Pricing Strategies

Part of your market research involves pricing your products or services and the different methods that you can use to accomplish this. If you offer a product, it's relatively straightforward: you estimate what it will cost to produce or purchase the product, add in a share of your overall expenses, plus a reasonable profit margin. You will be limited, however, to the price that the market will bear — which is what customers are willing to pay for the product. You also need to factor in the effect that reducing or increasing the price will have on sales: you might find, for example, that reducing the price slightly will result in enough additional sales that you're actually making more profit than you were when the price was higher.

In terms of market research, you need to know what your competitors are charging for similar or comparable products or services. This may be as easy as checking their Web sites, reviewing their catalogs, visiting their stores, or phoning and asking for a quote. You should be respectful of their time and privacy, however, and never cross the line into what might be considered corporate espionage. Just remember how you'd feel if someone invaded your business privacy in that way.

Beware of setting your prices too high or too low. If prices are too high, they'll reduce your customers' ability or desire to purchase the product or service. If your prices are too low, people will assume that the quality is also low — this is especially true when it comes to services. Don't undervalue yourself just because you're starting out.

Pricing a service is slightly more complicated, and, in many cases, depends largely on what other businesses are charging for similar services or what typical labor charges are in your industry. You could base your price on a flat fee (e.g., a three-page resume would cost $300 to write and edit), or you could base it on an hourly or daily rate. Keep in mind, though, that you can lose money on a flat-fee project if the job turns out to take a lot longer than you expected and you don't have a contingency factor built into your contract.

To figure out where to set your rates, think about the annual income you want to earn and work backwards. How many hours a week will you be working and how many of those will be income-earning time (as opposed to marketing and administration, for example)? How much time off will you need? Work out how many hours a year you'll actually work, and then divide that into your income goal.

Say you want to earn $60,000 a year before taxes and other expenses, and you're willing to work forty hours a week, thirty of which you think will be productive (earning) time. You factor in two weeks of sick days and three weeks of vacation. That means that you'll need to charge $42.55 per hour.

Forecasting Costs

Since costs are a major part of determining pricing strategies, it helps to know what kinds of costs (expenses) you're looking at. These include direct and indirect costs.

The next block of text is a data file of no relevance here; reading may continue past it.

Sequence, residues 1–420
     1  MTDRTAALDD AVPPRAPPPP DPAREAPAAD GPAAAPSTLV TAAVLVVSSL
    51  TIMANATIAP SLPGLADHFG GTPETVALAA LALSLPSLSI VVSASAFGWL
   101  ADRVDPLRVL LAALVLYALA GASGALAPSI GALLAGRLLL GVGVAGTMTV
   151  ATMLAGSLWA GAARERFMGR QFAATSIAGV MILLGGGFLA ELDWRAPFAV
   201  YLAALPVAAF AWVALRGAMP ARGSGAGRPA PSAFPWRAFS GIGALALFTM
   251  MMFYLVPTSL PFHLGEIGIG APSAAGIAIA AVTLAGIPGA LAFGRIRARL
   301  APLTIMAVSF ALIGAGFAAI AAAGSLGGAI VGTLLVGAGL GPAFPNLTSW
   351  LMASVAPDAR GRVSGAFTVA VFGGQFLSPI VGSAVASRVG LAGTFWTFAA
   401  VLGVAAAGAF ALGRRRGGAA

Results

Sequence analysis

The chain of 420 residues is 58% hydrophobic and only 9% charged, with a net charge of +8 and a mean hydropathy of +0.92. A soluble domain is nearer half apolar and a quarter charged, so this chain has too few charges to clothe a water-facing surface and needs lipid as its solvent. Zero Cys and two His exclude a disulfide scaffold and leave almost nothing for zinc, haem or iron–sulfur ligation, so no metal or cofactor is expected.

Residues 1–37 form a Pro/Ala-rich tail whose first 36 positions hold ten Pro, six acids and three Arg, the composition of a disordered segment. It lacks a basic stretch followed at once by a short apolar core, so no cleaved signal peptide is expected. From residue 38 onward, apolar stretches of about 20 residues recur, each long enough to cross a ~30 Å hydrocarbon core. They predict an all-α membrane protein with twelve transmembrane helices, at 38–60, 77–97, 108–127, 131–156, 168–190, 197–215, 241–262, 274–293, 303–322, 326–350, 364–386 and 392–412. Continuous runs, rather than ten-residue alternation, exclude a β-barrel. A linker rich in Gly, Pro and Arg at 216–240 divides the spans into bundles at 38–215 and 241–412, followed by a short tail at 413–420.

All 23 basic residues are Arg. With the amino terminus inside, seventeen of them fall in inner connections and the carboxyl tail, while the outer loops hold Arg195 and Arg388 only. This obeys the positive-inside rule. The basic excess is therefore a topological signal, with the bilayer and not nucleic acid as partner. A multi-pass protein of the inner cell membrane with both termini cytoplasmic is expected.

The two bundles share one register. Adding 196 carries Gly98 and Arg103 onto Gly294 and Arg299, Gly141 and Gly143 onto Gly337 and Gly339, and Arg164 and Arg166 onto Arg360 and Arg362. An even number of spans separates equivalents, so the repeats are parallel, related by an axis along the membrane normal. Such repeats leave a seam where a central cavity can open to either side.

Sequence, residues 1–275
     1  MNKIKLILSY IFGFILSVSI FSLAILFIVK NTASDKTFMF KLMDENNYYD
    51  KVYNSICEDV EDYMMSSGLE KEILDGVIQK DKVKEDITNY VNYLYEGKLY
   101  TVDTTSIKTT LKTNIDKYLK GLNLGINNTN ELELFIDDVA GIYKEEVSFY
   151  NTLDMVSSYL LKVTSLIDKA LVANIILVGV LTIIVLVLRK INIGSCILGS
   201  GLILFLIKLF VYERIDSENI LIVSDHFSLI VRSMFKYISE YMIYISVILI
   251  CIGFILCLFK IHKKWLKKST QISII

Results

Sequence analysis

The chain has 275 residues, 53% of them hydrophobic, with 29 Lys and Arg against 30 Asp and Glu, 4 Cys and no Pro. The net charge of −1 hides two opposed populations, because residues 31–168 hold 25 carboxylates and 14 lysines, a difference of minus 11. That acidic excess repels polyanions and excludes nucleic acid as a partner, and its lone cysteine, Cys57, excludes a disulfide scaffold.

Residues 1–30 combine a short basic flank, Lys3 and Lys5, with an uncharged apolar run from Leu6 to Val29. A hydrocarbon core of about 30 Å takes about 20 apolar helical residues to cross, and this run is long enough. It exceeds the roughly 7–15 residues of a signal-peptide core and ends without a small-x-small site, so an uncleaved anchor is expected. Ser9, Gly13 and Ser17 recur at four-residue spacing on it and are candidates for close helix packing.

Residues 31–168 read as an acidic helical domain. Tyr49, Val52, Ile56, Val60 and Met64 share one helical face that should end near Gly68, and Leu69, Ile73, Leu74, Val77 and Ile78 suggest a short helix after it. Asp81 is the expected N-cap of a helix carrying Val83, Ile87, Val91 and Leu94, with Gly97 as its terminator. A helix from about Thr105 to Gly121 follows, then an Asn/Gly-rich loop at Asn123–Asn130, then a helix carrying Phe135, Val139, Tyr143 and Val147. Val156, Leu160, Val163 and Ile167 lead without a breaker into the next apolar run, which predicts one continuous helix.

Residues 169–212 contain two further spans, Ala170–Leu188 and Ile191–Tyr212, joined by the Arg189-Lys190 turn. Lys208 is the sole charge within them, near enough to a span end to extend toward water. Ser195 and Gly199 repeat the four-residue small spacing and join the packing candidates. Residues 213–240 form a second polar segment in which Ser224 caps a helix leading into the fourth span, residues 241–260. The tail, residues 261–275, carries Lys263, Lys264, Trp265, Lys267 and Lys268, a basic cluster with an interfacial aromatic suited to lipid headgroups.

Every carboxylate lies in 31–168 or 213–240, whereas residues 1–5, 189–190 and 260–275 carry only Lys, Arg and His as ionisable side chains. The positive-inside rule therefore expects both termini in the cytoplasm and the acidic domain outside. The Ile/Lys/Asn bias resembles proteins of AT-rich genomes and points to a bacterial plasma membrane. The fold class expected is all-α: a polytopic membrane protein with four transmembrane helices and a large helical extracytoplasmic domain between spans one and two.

Direct costs are often referred to as your “cost of goods sold.” These are the costs that went directly into the product or service that you're providing. If you have a landscaping business, your direct costs might include materials such as rocks, bricks, or sod that you purchased for a specific job. If you're producing wooden planters, the wood pieces, screws, and paint that went into each planter would be the cost of goods sold.

You'll often hear indirect costs called “overhead.” These include the expenses that aren't related to a specific job or product, but are nonetheless necessary to keep the business running. This is everything from vehicle maintenance for your landscaping truck to advertising for the finished wooden planters. Businesspeople often underestimate indirect costs, so think about everything that you'll have to pay out of your business earnings, from office expenses to marketing to health plan costs.

You can research the costs involved in your business, whether direct or indirect, by checking the prices of supplies through stores, wholesalers, or catalogs and by checking through your own records (to find out, for example, how much you spent on vehicle maintenance last year).

Forecasting Sales

As part of your pricing strategy, you'll also need to research what expectations might be reasonable in terms of weekly, monthly, or annual sales. You can base this on talking to potential customers, suppliers, or local business experts, or by looking for industry statistics: the U.S. Department of Labor, U.S. Department of Commerce, Industry Canada, and local economic development offices may be able to help.

Trade or professional associations often conduct surveys of their members to produce a snapshot of annual earnings; these are usually broken down by an identifying factor such as company size. Local, regional, and national business magazines also run annual surveys of the most profitable or successful companies, while trade magazines and newspaper business sections are also good sources of information.

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